Demand for electric vehicle (EV) batteries has surged as countries pledge to phase out gasoline cars and automakers roll out more EV models. According to a report from the International Energy Agency (IEA), global battery demand will grow to over 3500 GWh by 2030. Therefore, investment in the supply chain, especially in raw materials extraction, is needed now.
The report was released in July, titled Global Supply Chains of EV batteries. According to IEA, EV sales accounted for 10% of global car sales in 2021, four times the market share in 2019. China contributed half the worldwide EV market growth with 3.3 million vehicle sales. Europe also saw a robust growth of 65% to 2.3 million cars last year.
Thanks to the electrification underway, IEA projected that EV battery demand will surge from about 340 GWh today to over 3500 GWh by 2030 in the Announced Pledges Scenario, a scenario assuming all government's climate commitments will be met.
While the need for batteries grows across the board, the report shows the global average utilization rate for battery plants was only 43% of nameplate capacity in 2021. The low rate resulted from the ongoing process of ramping up production and that much capacity investment was for projected future growth.
LFP adoption to grow outside China
As for battery chemistries, nickel-based cathode materials like NMC and NCA remained dominant, with 75% of the demand share in 2021. However, the prevalence of LFP has gradually increased in recent years and reached a 25% share. LFP holds the cost advantages as it contains no cobalt, nickel and other expensive metals. In addition, the recent innovation of cell-to-pack (CTP) technology helped improve the energy density of LFP batteries, which usually possess 65% to 75% of high nickel battery energy density.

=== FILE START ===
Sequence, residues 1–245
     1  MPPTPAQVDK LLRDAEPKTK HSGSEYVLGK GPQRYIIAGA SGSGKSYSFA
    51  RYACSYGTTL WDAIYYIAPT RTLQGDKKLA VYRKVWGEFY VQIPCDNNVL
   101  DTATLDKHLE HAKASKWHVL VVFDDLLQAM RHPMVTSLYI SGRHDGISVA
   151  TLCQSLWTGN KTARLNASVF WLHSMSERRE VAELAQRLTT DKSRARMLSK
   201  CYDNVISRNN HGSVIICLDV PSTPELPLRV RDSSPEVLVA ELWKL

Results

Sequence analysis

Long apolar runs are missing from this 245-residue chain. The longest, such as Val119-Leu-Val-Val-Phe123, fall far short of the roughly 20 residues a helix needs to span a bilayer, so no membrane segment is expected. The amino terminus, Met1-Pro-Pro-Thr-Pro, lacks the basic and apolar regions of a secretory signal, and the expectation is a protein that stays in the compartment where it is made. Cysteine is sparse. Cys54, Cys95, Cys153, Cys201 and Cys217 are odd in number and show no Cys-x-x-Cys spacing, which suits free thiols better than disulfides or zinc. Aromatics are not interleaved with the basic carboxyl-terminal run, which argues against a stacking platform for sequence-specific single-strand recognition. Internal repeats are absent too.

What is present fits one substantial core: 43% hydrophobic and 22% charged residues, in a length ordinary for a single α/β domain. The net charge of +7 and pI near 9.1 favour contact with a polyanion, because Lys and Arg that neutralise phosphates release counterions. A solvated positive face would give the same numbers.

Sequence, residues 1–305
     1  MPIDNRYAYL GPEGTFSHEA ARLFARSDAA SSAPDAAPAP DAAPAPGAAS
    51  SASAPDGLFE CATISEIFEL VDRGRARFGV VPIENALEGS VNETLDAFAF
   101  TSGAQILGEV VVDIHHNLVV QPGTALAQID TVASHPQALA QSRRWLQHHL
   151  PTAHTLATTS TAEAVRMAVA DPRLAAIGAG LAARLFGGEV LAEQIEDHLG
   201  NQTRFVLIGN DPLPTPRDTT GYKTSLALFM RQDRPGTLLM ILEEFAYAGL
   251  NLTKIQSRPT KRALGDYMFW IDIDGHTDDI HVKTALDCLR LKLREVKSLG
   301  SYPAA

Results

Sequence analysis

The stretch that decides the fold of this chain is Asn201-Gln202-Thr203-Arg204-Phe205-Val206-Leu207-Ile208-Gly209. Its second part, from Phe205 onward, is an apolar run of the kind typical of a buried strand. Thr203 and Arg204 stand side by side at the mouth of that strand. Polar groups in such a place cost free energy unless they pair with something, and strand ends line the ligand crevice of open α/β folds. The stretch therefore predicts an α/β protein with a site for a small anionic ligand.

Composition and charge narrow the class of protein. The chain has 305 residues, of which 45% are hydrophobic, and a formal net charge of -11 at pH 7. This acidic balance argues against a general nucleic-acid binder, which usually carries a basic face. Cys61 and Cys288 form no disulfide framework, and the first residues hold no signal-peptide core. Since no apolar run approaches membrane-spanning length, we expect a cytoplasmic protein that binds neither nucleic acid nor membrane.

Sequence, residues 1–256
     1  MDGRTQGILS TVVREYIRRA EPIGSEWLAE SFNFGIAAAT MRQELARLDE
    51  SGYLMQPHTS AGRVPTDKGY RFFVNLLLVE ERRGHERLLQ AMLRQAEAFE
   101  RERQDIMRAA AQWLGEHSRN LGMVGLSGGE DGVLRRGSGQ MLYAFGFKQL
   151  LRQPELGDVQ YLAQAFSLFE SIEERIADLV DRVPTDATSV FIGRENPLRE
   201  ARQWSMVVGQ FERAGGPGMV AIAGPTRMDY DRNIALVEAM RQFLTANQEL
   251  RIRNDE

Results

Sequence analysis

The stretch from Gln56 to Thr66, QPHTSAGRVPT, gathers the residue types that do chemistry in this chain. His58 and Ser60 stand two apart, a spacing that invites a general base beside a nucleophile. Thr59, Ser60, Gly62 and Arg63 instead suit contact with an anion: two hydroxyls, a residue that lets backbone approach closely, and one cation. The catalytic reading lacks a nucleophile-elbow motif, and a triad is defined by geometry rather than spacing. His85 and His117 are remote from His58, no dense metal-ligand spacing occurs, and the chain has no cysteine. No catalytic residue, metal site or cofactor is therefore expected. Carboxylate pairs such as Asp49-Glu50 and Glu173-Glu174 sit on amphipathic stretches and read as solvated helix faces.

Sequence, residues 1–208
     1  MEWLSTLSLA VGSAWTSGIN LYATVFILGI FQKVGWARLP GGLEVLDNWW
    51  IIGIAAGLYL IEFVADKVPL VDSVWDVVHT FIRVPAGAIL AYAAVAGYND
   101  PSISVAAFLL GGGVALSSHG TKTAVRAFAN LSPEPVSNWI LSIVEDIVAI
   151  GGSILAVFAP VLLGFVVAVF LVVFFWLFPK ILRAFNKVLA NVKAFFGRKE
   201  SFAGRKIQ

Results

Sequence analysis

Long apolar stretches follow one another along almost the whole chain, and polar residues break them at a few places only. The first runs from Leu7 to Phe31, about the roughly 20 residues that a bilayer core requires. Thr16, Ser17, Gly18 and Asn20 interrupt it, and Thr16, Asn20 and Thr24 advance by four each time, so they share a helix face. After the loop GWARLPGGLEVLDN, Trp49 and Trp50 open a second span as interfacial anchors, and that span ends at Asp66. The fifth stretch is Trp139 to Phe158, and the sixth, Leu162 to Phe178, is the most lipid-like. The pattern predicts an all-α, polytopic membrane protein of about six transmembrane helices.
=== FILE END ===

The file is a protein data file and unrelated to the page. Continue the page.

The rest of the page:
According to the IEA report, China holds the most global LFP production because of patents besides early government subsidies in the supply chain. An agreement between the patent owner and battery makers guarantees that manufacturers would not be charged for license fee if they only use the technology in China.
However, the patents and license fees will expire this year. Moreover, several automakers have adopted LFP in their entry-level models. As a result, production and sales outside China are set to surge.
For example, in an announcement on July 21, Ford said it was adding LFP to its portfolio, creating a 10% to 15% savings compared with current NCM material costs. The automaker aims to source LFP batteries from CATL and will localize production of 40 GWh in North America starting in 2026.
Tesla has begun equipping its Model 3s and Model Ys with LFP batteries. According to the company, more than half of the cars it delivered in 1Q 2022 had the LFP pack.
IEA's report also provides a clear picture of China's dominance of the battery supply chain downstream of mining. For instance, 70% of global cathode and 85% of anode material production are in China. More than half of raw material processing for lithium, cobalt and graphite also occurs in the country. With the advantages, China owns three-quarters of the worldwide cell production capacity.